Hezbollah chief blasts US ambassador to Lebanon as 'military ruler'

Hezbollah chief blasts US ambassador to Lebanon as 'military ruler'
The head of Hezbollah accused the US ambassador to Lebanon of behaving "as if she has authority" after she criticised the Iran-backed Shia party.
2 min read
Hezbollah chief Hassan Nasrallah said the US ambassador to Lebanon is "attacking the Lebanese" [Getty]

Hezbollah chief Hassan Nasrallah on Tuesday blasted the US ambassador to Lebanon as a "military ruler" who was inciting tensions after she accused the party of stealing billions from state coffers.

Tensions have soared between the powerful Iran-backed Shia party and the outspoken envoy, Dorothy Shea, since she accused the party last month of spiriting away billions of dollars of state money at a time of acute economic crisis.

In an interview with Saudi-owned news channel Al-Hadath, Shea also said the US was reviewing Prime Minister Hassan Diab's government's links with Hezbollah, considered by the US as a terrorist organisation.

"Since the new ambassador arrived in Lebanon ... she has dealt with Lebanon as though she is a military ruler, or a high commissary, as though she has authority," Nasrallah said.

"Every day she attacks (Hezbollah) ... she insults and offends us," Nasrallah said in a televised speech, criticising the government for keeping silent.

"She is pushing the Lebanese towards infighting, sedition and civil strife," he said.

Nasrallah said Hezbollah lawmakers in parliament will ask the foreign ministry to summon Shea and reprimand her.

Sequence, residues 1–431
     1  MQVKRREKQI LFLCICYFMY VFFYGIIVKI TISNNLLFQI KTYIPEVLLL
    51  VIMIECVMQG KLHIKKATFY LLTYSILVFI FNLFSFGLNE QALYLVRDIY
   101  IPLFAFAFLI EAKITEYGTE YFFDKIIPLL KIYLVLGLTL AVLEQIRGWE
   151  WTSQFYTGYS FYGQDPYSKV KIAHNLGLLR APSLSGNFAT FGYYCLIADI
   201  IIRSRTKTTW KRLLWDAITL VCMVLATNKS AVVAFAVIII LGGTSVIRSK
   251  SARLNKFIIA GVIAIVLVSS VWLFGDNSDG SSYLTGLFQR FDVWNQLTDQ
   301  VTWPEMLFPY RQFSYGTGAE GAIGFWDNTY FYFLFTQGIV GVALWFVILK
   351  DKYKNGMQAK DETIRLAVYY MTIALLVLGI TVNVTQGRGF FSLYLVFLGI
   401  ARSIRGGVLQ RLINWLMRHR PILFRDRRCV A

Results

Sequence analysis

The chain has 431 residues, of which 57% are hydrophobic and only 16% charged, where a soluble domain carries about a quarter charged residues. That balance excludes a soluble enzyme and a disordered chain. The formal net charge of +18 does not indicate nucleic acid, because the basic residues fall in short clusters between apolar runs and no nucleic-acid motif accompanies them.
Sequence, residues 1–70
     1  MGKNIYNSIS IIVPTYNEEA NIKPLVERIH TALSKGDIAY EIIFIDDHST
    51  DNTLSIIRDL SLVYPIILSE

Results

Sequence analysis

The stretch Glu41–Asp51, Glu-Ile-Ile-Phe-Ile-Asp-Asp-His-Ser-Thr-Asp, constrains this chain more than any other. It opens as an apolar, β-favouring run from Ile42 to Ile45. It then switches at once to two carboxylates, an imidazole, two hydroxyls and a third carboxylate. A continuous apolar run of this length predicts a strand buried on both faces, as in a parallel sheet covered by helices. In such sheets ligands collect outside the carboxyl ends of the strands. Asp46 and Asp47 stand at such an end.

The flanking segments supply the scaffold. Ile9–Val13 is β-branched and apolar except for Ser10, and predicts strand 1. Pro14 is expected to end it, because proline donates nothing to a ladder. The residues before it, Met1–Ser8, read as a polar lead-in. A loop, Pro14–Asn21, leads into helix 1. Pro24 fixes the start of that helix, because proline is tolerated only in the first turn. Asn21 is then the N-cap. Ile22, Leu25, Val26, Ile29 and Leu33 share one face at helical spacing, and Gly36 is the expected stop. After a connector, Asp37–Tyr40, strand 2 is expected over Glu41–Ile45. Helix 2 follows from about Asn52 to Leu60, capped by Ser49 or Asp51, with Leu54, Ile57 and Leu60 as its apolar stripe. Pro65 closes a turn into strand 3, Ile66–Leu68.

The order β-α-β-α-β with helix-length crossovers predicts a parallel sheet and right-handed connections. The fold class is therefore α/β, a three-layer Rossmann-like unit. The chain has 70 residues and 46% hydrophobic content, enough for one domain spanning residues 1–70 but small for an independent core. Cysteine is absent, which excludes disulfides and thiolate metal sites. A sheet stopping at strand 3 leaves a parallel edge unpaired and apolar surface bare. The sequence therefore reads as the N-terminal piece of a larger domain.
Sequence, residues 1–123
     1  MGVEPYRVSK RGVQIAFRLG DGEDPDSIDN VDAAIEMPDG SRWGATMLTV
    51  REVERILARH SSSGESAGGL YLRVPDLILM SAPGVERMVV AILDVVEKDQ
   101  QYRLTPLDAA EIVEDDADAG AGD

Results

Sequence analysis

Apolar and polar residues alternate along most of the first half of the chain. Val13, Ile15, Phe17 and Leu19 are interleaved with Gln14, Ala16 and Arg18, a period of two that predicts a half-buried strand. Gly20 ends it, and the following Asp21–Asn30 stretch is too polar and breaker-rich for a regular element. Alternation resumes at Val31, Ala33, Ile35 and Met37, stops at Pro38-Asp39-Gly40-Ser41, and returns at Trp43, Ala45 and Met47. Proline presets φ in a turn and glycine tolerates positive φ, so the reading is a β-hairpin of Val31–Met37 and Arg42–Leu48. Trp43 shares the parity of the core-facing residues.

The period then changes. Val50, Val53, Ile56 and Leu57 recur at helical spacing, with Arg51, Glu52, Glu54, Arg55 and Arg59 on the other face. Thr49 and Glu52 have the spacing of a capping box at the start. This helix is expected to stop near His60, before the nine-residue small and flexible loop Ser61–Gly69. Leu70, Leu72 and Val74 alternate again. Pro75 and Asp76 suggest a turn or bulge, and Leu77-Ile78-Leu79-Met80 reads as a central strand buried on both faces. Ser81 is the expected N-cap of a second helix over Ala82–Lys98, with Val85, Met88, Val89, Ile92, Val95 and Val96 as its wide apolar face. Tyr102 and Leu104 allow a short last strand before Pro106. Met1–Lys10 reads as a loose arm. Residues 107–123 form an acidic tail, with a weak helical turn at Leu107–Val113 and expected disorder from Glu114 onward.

The Lebanese Shia movement and its allies command a majority in parliament and the cabinet.

Shea was already summoned for a meeting with Foreign Minister Nassif Hitti late last month following her interview with Al-Hadath, which prompted a south Lebanon judge to issue a non-binding and now-defunct order banning the Lebanese press from reporting her comments. 

Shea is "interfering in appointments and in government and in the economy," Nasrallah said.

"She is attacking the Lebanese and inciting them towards sedition and strife."

The dispute comes as Lebanon grapples with its worst economic crisis since the 1975-1990 civil war.

The Lebanese pound has nosedived against the dollar on the black market, sending prices soaring.

Nasrallah on Tuesday blamed Washington for compounding the economic downturn, accusing it of preventing dollars from entering the cash-strapped country and banning investment.

The United States and Israel have long designated Hezbollah a terrorist group and urged allies to follow suit.

Hezbollah is the only group to have kept its weapons since the end of Lebanon's civil war on the grounds of defending the country against Israel.

Agencies contributed to this report.

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